Harvard University Press
Measuring Up is an excellent primer on the basics of academic testing. In a pleasant, jargon-lite manner, author and Harvard professor Daniel Koretz provides a brief history of American education testing along with real-world examples illustrating the strengths and weaknesses of it. He also provides lay-friendly definitions of buzzwords like criterion-referenced, measurement error, and validity.
Koretz doesn't pretend to be a fan of the educational testing brought on by the federal No Child Left Behind Act and works to discount much of the assessment-based accountability aspects of the law. But most of this book is an acknowledgement that education testing isn't a black-or-white issue, and Koretz does a good job of telling both sides of the story. Here are a few points are worth lifting for Gadfly readers, given the current testing debate in Ohio.
- On standardized testing, he cautions that the goals of education are diverse and that only some of these goals are amenable to standardized testing. But he equally acknowledges that standardized tests "avoid irrelevant factors that might distort comparisons between individuals" and are useful in shedding light on achievement gaps.
- On achievement as the sole measure of academic success, Koretz promotes the use of a growth or progress measure, in addition to an achievement measure. But the two must go hand-in-hand. Schools showing large gains but failing to meet the proficiency bar shouldn't be excused for lousy test scores just as schools posting outstanding test scores should also be accountable for helping kids make adequate progress year to year.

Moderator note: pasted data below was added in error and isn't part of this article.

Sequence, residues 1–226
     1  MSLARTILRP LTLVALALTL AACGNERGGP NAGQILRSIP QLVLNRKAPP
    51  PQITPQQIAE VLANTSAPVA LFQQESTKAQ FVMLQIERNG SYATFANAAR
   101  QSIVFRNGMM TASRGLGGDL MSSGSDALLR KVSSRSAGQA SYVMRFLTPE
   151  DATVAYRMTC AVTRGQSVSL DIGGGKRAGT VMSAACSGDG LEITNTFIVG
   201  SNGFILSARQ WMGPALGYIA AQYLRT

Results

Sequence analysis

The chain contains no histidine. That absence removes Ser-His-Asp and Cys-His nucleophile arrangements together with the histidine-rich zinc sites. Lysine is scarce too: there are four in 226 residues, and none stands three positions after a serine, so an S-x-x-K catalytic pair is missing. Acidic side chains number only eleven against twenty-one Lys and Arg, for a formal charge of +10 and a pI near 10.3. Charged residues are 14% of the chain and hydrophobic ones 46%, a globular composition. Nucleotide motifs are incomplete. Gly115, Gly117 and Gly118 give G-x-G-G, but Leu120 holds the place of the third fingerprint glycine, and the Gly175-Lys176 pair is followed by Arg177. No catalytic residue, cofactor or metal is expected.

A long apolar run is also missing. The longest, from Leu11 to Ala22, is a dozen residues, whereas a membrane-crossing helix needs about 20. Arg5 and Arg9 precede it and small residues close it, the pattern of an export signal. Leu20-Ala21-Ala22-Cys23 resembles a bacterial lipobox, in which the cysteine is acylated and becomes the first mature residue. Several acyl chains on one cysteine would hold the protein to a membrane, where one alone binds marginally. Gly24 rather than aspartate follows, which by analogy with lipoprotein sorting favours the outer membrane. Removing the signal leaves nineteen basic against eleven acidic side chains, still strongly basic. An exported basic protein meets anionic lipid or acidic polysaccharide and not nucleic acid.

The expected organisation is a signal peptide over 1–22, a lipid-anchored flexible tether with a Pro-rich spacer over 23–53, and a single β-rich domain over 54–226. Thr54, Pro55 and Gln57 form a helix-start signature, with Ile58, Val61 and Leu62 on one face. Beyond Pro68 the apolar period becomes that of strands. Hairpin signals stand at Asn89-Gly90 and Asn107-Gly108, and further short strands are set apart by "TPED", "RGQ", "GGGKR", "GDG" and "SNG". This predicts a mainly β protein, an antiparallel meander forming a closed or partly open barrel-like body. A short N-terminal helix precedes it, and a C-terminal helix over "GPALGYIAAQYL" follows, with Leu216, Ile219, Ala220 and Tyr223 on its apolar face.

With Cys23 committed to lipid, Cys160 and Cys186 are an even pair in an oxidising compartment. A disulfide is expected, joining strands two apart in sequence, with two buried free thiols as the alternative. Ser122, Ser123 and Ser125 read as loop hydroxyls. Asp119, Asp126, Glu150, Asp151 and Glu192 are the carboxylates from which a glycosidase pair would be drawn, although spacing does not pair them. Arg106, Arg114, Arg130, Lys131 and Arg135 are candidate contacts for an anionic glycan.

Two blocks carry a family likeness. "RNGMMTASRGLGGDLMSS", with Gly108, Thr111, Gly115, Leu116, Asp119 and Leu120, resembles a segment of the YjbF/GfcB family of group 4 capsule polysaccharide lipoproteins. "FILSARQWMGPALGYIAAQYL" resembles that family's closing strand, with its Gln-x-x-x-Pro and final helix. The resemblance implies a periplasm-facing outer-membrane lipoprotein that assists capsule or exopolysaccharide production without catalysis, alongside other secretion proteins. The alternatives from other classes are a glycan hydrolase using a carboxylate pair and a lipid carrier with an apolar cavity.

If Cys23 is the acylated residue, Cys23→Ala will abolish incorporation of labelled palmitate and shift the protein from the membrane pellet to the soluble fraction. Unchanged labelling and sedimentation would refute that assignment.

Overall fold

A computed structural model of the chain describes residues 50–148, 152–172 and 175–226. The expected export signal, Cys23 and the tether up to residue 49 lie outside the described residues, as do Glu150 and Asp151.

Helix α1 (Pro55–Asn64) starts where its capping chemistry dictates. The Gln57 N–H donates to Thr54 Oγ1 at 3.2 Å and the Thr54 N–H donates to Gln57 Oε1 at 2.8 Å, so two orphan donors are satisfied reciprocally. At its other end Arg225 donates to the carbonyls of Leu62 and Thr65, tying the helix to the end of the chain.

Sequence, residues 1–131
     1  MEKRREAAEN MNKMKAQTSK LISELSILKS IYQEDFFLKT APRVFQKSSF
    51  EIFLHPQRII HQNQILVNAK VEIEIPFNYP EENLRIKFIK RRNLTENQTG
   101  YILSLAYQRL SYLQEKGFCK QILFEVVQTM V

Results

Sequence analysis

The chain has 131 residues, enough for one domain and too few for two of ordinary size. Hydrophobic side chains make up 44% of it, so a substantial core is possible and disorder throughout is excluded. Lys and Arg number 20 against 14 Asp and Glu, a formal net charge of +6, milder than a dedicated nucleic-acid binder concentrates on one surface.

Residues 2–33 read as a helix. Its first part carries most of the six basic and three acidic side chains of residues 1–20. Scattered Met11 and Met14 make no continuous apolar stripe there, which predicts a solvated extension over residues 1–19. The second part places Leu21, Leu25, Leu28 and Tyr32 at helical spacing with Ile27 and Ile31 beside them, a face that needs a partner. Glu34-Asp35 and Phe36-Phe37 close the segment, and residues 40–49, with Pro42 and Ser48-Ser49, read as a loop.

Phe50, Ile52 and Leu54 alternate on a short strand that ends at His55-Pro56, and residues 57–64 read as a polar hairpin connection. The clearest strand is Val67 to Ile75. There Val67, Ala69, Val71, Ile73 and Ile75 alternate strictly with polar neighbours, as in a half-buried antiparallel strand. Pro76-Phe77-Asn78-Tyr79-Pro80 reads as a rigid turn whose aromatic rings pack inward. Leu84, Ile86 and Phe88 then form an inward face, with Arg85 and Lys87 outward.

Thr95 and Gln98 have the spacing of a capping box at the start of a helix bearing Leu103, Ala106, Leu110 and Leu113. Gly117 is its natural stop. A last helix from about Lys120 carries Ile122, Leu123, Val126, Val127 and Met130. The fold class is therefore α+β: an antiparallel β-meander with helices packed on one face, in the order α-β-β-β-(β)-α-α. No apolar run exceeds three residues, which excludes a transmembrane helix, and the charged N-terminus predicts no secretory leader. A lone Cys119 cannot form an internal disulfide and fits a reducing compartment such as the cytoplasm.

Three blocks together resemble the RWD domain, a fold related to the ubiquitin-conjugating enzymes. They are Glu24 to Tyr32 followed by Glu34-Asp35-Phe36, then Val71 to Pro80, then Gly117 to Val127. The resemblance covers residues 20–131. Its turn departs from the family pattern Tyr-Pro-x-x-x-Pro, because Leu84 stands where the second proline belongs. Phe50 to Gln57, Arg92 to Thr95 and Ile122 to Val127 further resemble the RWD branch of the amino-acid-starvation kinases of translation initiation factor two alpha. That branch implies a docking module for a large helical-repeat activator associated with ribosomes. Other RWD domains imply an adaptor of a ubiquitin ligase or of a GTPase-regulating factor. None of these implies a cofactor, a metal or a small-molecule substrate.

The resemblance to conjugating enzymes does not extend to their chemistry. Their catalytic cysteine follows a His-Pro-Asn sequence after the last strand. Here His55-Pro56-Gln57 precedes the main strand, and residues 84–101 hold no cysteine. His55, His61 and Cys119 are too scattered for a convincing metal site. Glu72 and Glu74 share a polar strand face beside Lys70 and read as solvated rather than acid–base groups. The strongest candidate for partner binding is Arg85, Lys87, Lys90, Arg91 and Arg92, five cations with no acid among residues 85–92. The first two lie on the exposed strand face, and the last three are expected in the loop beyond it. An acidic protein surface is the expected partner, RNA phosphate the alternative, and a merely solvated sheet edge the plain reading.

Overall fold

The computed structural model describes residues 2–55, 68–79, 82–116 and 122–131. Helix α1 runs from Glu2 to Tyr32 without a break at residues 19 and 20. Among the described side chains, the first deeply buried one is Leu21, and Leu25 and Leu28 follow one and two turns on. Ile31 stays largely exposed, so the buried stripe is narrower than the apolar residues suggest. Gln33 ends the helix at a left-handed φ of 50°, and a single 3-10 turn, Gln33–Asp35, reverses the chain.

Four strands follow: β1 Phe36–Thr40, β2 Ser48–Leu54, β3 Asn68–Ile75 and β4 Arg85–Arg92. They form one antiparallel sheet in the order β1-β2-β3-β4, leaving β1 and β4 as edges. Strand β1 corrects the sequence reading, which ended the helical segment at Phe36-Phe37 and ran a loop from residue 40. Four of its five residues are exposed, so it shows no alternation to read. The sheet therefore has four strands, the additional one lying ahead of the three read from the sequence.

- For all the impersonality of standardized tests, their scoring-often done off-site and by a computer or impartial, trained rater-is rarely questioned. Portfolio assessments are a different story. Koretz cites the teacher-scoring of writing portfolios in Kentucky in the 1990s. The test scores were important enough that teachers had an incentive to score leniently and so, "when samples of portfolios were rescored by other raters in a state audit of scoring, it was discovered that the scores assigned by many classroom teachers to their own students were substantially too high."